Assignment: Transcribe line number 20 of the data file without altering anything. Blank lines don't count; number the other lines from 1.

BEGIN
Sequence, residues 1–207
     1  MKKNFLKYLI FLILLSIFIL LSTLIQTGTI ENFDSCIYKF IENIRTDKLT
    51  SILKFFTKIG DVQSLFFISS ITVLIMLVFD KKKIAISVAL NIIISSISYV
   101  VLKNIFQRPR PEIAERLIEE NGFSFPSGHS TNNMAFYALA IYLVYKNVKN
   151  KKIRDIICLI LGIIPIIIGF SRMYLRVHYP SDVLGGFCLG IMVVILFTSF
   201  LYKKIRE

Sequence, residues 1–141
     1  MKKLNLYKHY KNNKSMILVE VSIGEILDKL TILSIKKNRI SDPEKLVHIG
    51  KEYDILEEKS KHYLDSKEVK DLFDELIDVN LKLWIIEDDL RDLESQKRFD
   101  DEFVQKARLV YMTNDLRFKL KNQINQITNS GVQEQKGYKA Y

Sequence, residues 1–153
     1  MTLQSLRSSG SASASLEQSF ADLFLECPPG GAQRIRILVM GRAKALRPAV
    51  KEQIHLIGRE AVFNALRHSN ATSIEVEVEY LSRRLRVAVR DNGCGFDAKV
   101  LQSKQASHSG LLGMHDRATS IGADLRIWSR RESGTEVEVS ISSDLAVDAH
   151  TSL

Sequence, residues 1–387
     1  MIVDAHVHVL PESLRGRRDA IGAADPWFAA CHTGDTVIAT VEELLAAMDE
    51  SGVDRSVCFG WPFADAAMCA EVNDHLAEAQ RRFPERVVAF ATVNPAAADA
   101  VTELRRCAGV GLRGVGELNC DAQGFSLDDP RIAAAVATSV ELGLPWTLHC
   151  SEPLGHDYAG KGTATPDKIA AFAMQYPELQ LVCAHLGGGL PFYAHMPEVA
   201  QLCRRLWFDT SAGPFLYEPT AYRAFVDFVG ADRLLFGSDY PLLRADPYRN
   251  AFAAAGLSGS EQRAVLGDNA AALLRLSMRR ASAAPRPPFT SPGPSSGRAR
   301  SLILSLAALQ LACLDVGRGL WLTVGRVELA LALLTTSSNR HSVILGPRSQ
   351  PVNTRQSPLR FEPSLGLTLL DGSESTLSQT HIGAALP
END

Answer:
   151  SEPLGHDYAG KGTATPDKIA AFAMQYPELQ LVCAHLGGGL PFYAHMPEVA